TROSA graduates celebrate two years sober
On Sunday afternoon, 19 people looked back at the past two years of their lives and smiled.
About 400 friends, family members and former graduates gathered in Durham to help celebrate the milestone of two years of sobriety and the graduation ceremony that accompanies it.
Thanks to Triangle Residential Options for Substance Abusers (TROSA), the graduates now have vocational training and hope for the future.
“I’m feeling very confident in myself,” said Thomas Kee, one of the 19 graduates. “It’s a good feeling knowing I’ve accomplished something that means so much to me.”
He rattled off a list of skills he learned during his two years as a TROSA resident: he worked as a supervisor in a medical clinic, learning supervisory and people skills; he made sure all resident paperwork was processed correctly; he obtained his commercial driver license.
Kee participated in one of many job options offered at TROSA, including lawn care, custom framing and a moving company.
He also met friends along the way and said he plans to continue building those relationships. Because participants in the program are different ages and come from different backgrounds, he said, “you realize people are individuals. Everybody has their own story.”
Kee calls his time as a resident “the TROSA experience.”
“It’s not something you can put in words; it’s something you have to feel,” he said.
At the 21-month mark of the program, residents can decide to either stay at TROSA or leave the campus and get a job in the community, although TROSA is still there to provide support.
For Kee, the decision was clear. He moved to Charlotte to be with his daughter, who will give birth to Kee’s first grandchild next month. He plans to use his TROSA training “as a catalyst to push me forward.”
Angela Warren, a May graduate, chose to stay at TROSA to study medical office administration.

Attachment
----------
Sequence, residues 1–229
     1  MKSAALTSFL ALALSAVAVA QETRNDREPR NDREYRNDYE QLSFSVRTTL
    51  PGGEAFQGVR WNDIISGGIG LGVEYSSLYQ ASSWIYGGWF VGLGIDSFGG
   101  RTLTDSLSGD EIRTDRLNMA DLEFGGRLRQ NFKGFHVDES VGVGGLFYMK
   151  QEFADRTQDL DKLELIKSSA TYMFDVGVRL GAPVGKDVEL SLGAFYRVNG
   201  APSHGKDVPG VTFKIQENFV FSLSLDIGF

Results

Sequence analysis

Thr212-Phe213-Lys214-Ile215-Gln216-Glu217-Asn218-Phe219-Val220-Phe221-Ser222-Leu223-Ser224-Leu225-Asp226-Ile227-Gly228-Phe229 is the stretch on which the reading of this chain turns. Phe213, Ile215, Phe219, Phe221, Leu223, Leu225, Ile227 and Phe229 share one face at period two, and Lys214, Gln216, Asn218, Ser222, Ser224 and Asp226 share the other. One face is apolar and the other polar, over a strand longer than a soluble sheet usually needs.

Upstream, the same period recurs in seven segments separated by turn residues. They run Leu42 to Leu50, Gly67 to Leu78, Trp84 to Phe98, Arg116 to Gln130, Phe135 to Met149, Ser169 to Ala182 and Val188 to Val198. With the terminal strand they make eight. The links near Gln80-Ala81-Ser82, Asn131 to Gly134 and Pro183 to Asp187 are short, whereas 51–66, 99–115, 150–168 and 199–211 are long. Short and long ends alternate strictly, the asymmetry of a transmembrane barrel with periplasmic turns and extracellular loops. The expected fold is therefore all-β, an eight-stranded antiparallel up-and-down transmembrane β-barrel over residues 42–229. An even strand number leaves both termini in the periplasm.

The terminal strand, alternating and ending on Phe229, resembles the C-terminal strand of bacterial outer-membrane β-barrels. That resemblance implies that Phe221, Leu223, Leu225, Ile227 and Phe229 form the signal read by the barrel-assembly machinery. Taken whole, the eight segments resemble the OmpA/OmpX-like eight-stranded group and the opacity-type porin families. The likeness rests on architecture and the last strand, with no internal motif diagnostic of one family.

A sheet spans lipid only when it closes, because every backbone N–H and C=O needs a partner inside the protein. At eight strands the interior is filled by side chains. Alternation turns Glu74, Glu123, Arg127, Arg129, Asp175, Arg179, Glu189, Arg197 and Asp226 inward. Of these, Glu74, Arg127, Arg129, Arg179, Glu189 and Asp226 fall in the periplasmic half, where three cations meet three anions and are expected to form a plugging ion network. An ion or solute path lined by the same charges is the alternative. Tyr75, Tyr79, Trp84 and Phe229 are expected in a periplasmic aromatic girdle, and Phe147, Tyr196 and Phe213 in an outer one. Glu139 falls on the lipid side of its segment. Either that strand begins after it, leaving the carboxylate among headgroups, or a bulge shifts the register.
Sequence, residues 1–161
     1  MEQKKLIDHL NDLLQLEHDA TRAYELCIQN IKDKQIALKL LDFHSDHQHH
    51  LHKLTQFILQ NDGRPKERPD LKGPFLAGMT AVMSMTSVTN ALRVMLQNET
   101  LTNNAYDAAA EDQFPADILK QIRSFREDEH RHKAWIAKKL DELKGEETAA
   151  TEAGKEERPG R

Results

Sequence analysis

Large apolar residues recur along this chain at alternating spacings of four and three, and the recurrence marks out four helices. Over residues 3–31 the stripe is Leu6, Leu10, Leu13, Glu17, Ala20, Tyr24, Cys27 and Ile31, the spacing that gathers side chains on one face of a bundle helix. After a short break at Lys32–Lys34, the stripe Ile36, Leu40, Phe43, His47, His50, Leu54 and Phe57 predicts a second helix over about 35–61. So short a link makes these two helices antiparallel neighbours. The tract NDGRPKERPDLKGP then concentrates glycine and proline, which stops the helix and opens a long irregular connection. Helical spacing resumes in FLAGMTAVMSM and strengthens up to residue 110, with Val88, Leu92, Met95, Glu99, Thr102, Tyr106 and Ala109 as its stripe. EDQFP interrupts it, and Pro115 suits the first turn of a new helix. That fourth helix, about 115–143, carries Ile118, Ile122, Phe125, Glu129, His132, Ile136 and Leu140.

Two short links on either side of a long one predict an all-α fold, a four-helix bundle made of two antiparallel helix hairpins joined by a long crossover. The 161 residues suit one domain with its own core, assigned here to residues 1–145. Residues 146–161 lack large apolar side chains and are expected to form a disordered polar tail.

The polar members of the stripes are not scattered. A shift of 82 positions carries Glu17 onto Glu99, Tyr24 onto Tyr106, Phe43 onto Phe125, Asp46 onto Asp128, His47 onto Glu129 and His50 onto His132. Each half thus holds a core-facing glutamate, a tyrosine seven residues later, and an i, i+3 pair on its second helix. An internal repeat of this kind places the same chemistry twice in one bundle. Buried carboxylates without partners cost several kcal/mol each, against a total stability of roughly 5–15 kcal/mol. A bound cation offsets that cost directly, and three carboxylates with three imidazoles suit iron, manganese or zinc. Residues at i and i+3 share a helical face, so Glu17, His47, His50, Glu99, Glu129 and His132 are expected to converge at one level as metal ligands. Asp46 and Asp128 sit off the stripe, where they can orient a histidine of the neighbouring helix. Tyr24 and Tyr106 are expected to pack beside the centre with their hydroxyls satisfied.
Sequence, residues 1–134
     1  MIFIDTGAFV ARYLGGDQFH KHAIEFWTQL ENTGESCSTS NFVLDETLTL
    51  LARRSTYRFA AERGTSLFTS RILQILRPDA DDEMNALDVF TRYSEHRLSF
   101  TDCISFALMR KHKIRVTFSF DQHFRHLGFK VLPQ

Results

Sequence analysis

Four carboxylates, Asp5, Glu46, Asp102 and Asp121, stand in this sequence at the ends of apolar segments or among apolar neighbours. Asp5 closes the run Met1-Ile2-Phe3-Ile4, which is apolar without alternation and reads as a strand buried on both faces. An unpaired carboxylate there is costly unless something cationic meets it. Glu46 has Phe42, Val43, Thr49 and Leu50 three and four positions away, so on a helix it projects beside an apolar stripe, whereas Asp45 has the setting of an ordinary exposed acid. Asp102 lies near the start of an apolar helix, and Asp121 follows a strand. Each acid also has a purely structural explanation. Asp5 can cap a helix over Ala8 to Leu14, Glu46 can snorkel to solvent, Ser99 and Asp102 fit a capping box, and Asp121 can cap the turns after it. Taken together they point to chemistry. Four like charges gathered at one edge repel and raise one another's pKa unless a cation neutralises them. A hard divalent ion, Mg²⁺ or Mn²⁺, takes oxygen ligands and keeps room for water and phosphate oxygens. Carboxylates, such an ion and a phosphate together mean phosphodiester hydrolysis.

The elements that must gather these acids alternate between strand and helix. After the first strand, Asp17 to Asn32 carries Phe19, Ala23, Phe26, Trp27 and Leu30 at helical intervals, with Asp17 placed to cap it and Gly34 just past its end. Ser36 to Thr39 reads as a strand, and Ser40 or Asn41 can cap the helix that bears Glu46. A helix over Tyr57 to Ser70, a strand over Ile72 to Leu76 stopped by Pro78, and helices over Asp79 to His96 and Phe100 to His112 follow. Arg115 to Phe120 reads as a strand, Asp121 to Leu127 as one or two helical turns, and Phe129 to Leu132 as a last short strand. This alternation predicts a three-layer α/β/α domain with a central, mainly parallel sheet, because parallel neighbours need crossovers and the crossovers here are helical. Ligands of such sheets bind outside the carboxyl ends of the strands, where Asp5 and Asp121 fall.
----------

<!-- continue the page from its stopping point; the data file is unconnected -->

“TROSA has been an astounding program that helped me find my way back to myself,” Warren said. “They believed in me so I could believe in myself.”
She said she chose TROSA because she had heard it was a long, intensive program with the kind of structure she needed.
Warren hopes to one day become a TROSA staff member. TROSA’s staff is made up of about 50 people, and about half are program graduates.
Elisha Gahagan, who graduated in August 2012, is one of those staff members. She is now assistant to Kevin McDonald, TROSA’s founder. She says her work is rewarding, and she’s thankful to TROSA for allowing her to rebuild her relationships with her children, who are now 11 and 12.
Carolyn Montgomery voiced similar sentiments. She graduated in 2002 and now lives in her native South Carolina but travels back to Durham for many of the graduations.
“I know I was wrong, but my kids always stuck by me,” she said. “I know I messed up, but I done good on my kids.” She now has 12 grandchildren and great-grandchildren.
“I said, ‘Enough is enough,’” Montgomery said of her decision to come to TROSA. “I’m not going to prison. Find me a place.”
That simple call for help prompted her probation officer and her counselor to set her up with TROSA.
“Anyone who wants to change their life and meets certain criteria can come in,” said Jeff Stern, TROSA’s director of special projects.
Both recent and former graduates show that with determination, those changes can be made.
“I thank God for coming here. I really do,” Montgomery said.
Warren agreed. “TROSA rocks,” she said. “It’s just an awesome, awesome program.”